A Beginner’s Guide to Growing Culinary Herbs

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A Beginner’s Guide to Growing Culinary Herbs

The wonderful aroma wafting from the kitchens of fine restaurants is often the result of herbs that chefs use to flavor food. However, anyone can master the art of growing herbs and using them to create delicious meals. 

With a little preparation, even beginners can grow a variety of herbs indoors or out. The key to success is creating the best growing environment for each plant, and then nurturing herbs until they are ready to harvest.

Become Familiar with Herb Categories

It is a good idea for beginners to learn as much as possible about various herbs before starting a garden. Plants fall into categories, and each has its characteristics. Some are easier to grow than others.

Perennials

These plants come back every year. Bee balm and anise hyssop are examples of colorful perennial varieties that produce a wonderful aroma. Oregano, thyme, mint, sage, and chives are also perennials. Since perennials come back from their roots, there is no need to replant each season. Outdoor plants are dormant in the winter, and indoor plants will become dormant during the colder months unless the light is plentiful.

Annuals

Gardeners need to plant annuals each year. Growers can plant new seeds or buy seedlings and then set them out. Some common annuals are cress, basil, cilantro, and marjoram.

Self-Seeding Annuals

These herbs create their seeds after they flower each season. If growers let plants go to seed, they may plant themselves in the same spot. Seeds fall around existing plants and sprout the next season. Dill, arugula, calendula, and cilantro are some herbs that self-seed.

Choose Which Herbs to Grow

Since growers typically have limited space for their gardens, most need to narrow down the types of herbs they will plant. Every herb can thrive in a well-maintained indoor garden. Those who want to grow outdoors should consider the climate when researching and selecting herbs.

There are dozens of varieties, but beginners might want to start with the following herbs, which many chefs consider essential:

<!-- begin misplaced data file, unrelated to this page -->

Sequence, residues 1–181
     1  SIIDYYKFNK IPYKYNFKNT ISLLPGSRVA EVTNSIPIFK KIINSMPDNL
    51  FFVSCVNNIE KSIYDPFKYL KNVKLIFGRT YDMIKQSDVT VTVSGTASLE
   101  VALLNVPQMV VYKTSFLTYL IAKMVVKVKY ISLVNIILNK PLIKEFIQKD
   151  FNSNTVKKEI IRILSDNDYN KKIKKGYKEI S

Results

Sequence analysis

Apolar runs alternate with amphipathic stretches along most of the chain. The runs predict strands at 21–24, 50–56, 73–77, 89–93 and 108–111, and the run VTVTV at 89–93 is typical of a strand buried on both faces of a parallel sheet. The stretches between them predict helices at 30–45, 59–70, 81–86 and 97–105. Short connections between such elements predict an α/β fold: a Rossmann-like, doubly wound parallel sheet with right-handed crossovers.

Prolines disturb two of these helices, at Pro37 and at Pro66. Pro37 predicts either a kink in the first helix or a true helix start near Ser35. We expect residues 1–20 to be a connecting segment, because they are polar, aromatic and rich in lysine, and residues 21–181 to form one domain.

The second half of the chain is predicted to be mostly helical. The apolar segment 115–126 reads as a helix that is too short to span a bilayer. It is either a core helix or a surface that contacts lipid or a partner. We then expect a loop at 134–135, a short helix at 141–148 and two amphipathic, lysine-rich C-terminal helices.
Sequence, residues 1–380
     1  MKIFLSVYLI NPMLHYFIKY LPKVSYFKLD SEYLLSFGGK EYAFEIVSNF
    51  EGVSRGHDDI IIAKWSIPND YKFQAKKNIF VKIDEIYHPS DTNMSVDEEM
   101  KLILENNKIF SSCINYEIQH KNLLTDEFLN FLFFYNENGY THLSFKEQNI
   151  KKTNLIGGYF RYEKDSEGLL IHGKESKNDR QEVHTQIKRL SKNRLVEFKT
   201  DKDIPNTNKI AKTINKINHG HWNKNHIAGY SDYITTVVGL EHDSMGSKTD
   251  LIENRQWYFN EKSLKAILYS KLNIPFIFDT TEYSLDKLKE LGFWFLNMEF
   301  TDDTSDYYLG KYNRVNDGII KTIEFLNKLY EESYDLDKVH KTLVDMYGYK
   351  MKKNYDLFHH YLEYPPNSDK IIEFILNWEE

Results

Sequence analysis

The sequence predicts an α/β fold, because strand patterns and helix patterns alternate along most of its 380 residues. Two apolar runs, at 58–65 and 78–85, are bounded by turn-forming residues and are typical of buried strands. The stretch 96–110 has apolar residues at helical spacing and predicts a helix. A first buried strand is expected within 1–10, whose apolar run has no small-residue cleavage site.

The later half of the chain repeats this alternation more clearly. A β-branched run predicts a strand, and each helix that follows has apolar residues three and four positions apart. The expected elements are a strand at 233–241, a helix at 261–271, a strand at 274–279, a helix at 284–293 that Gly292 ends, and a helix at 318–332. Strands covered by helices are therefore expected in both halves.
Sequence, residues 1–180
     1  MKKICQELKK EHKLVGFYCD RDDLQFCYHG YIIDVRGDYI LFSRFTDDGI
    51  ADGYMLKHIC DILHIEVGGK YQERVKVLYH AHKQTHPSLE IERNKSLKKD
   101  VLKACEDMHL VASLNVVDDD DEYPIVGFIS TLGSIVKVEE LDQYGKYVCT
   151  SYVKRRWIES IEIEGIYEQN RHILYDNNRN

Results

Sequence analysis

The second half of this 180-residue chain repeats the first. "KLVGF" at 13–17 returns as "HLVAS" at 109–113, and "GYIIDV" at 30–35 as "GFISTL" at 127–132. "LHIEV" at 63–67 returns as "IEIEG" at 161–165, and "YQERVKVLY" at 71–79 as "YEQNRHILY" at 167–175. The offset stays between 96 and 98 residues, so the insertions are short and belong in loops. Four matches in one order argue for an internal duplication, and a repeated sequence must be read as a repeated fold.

Greek Oregano

A flavorful herb that adds zest to dishes like pizza, salads, and marinades, Greek oregano likes to grow in the heat. This annual does well in raised beds and containers.

Basil

The warm, aromatic flavor in many dishes comes from basil. Culinary varieties include Spicy Globe, Genovese, and Dolce Fresca basil. Basil is an annual that doesn’t like cold weather and must be protected if it is planted outdoors in the spring.

Cilantro

Most people have definite opinions about cilantro because it has a pungent taste that adds intense flavor to recipes. Chefs frequently use it to season Indian, Mexican, and Asian dishes. It is an annual plant that does well in cold weather and likes full sun to partial shade.

Rosemary 

Many cooks consider rosemary an essential herb. It has a fresh, sharp scent and flavor that goes well with focaccia, roasted vegetables, and roast chicken. Most growers treat the herb as an annual, but it can survive in some colder climates if plants are sheltered from harsh winds. 

Chives 

Chives are known for their mild flavor and often used to add an onion taste to soups, eggs, burgers, salads, and marinades. Chives are ideal for beginning gardeners because they are easy to grow and will thrive in ordinary garden soil and a sunny spot. These perennials produce pink flowers that attract beneficial insects and bees. Gardeners must clip flowers unless they want a hearty new crop of chives growing everywhere.

Dill

Chefs chop dill leaves and add them to soups, salads, eggs, and salmon, for a unique flavor. The plant’s flowers and seeds are used in pickling. It is a self-seeding perennial. Growers can harvest seeds in about seven weeks, and leaves are ready about three months after planting.

Parsley

Experienced cooks use curly and flat-leaved parsley with quiche, pasta, chicken, potatoes, and salads. It is also one of the most-used garnishes. An easy-to-grow herb, parsley plants thrive in partial shade or full sun. It is a biennial that produces delicious leaves the first year but goes to seed the next. 

Thyme

Both common thyme and lemon thyme are slow-growing plants. Lemon thyme is wonderfully fragrant, with a sharp citrus-thyme flavor. It pairs well with marinades, chicken dishes, and roast vegetables. A perennial, thyme is drought resistant and loves full sun.

Create a Growing Environment

Once gardeners have chosen their plants, it is time to set up either an indoor or outdoor garden that will allow plants to thrive.